Gen-Z More Likely to Apply to Jobs With “Kindness” Listed in Offering- New Study Suggests
Like in past eras, younger generations tend to be more socially open and accepting, and Gen-Z is no exception. According to the Pew Research Center, Gen-Z is the most well-educated, most diverse, and digitally experienced generation to date. Combined with their strengths and arrival into the workforce, Gen-Zers are increasingly becoming pickier about the jobs they want to take.
Emphasis on Personal and Mental Health
According to studies conducted by Indeed and Lady Gaga’s Born This Way Foundation, which surveyed a group of 1,200 people aged 18 to 29 with an oversample of queer youth and BIPOC, younger professionals are more likely to be interested in a job if “kindness” is written in the job description. Similarly, they tend to be more inclined towards companies that prioritize employee well-being and mental health, with 89% of respondents saying it was their top priority in the workplace.
Gen-Zers, specifically those from underrepresented and marginalized communities, tend to be more stressed than their older colleagues, hence the high prioritization of mental health. That, combined with the fact that only 32% of respondents worked at jobs with mental health care coverage, pushes younger workers to look for positions in companies where it is covered.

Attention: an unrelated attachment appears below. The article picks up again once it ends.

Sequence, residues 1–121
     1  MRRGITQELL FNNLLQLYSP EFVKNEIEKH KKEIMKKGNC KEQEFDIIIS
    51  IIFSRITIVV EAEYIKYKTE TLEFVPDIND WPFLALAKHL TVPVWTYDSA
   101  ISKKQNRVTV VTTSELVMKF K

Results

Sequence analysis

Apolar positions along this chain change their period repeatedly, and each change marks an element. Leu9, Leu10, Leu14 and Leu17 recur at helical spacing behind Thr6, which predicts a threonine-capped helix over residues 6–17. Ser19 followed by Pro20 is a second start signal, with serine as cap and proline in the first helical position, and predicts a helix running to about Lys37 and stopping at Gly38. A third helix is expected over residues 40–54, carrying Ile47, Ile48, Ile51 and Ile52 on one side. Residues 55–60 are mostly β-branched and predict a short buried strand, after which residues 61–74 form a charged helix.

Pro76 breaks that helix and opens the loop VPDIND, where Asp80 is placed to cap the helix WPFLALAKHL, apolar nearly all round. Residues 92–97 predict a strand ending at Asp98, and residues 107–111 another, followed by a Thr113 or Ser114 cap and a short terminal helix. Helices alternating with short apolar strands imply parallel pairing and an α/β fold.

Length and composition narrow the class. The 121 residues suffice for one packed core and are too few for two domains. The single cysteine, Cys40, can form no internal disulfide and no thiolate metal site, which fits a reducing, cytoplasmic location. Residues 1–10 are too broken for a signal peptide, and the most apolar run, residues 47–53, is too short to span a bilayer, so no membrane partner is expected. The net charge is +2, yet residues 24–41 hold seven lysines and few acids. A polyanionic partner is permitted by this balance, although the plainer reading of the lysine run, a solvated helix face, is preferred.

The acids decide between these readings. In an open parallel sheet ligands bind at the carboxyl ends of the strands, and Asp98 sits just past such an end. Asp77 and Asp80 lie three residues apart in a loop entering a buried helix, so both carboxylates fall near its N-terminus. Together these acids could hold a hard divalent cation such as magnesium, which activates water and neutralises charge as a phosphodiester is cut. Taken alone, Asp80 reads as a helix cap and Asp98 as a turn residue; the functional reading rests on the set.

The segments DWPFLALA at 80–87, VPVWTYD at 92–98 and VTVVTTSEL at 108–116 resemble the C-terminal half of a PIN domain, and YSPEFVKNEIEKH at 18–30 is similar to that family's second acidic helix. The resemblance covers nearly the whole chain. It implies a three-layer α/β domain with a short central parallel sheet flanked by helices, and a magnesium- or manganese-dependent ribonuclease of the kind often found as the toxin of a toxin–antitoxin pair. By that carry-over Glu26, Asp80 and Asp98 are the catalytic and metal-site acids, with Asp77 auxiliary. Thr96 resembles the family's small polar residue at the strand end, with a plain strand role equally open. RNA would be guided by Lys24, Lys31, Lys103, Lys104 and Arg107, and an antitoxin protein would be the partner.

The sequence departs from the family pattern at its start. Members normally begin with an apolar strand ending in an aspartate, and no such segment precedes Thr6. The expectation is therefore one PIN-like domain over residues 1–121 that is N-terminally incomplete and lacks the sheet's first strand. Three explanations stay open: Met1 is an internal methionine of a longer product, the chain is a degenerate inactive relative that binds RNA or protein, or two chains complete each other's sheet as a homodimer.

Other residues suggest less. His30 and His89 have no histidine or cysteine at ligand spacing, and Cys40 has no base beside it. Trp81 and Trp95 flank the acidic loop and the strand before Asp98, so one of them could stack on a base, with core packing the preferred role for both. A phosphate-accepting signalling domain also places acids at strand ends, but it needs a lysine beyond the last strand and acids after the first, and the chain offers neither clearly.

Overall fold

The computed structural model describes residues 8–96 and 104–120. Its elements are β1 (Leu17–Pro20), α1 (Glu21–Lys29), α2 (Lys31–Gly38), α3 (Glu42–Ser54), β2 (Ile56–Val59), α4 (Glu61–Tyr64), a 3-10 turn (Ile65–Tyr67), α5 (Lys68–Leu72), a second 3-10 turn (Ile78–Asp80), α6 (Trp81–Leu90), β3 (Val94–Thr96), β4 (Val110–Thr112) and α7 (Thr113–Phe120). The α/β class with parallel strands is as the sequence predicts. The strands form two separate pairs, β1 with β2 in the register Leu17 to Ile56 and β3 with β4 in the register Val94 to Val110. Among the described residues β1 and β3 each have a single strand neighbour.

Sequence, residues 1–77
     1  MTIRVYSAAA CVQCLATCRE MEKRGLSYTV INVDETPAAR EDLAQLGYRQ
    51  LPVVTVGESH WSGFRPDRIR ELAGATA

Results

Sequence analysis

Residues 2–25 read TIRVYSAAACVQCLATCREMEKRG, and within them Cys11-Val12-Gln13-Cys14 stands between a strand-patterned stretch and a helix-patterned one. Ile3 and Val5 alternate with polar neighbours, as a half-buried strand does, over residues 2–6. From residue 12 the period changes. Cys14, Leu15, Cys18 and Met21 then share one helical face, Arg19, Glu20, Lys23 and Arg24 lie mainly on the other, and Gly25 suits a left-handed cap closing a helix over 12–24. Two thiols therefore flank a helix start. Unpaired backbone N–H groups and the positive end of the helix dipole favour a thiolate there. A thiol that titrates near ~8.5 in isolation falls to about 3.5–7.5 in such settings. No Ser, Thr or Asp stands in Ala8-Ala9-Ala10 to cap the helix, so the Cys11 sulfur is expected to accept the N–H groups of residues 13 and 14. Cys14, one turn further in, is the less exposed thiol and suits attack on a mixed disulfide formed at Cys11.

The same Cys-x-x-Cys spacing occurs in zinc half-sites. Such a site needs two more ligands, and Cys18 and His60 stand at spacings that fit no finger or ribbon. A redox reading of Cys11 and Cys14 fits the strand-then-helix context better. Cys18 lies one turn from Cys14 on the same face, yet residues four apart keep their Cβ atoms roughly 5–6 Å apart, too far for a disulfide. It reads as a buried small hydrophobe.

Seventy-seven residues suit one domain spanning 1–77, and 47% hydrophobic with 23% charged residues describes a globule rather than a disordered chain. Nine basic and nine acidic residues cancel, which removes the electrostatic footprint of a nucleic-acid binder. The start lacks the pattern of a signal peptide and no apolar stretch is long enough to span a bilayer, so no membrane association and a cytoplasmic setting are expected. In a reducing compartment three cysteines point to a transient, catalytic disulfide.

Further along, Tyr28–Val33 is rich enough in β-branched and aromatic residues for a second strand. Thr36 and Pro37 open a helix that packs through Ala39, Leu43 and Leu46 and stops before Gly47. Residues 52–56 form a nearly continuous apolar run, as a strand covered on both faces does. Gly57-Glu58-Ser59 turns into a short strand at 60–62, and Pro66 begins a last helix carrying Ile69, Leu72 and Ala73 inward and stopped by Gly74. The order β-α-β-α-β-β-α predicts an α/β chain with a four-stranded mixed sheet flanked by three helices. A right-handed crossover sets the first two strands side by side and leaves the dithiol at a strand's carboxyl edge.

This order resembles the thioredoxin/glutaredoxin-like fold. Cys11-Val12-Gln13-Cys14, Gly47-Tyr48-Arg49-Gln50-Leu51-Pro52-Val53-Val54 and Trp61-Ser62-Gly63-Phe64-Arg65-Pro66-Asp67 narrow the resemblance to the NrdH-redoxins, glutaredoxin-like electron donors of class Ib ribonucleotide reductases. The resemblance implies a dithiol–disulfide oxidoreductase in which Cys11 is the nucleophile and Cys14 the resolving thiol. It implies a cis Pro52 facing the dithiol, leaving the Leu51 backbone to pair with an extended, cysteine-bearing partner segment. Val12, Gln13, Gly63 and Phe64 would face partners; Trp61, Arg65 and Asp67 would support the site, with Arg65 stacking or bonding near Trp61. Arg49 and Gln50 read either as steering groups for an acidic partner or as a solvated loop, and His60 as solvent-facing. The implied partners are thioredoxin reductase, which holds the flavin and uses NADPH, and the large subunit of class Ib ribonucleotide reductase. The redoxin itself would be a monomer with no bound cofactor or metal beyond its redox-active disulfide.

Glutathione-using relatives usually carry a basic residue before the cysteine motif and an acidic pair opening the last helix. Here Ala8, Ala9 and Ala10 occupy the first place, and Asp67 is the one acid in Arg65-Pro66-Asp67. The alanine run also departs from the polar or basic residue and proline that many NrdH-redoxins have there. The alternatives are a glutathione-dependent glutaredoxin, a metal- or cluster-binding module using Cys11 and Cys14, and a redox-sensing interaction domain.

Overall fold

In fact, Gen-Zers are more inclined and less afraid to quit their jobs, with 76% of respondents to a LinkedIn survey saying they’re “seeking companies with better compensation and benefits”. Gen-Zers are actually driving the increase in job resignation, and the phenomenon known as the “Great Resignation”, with 40% of working Gen-Zers saying they plan to quit their job in the next year, according to Business Insider.
However, this trend isn’t new. According to the same previously mentioned studies, Millennials also share the same much of the same concerns and desires, but at a lower level than their younger coworkers.
Trend or Phase?
Is the shift towards a more aware and, arguably, more open workforce a symptom of the pandemic or a larger ongoing trend? What will work look like when Gen-Zers and Millennials overtake their older colleagues and become the majority generation?
Well, we don’t have a crystal ball, but what we can tell you is that the future of work is sure to look a lot different than it does now.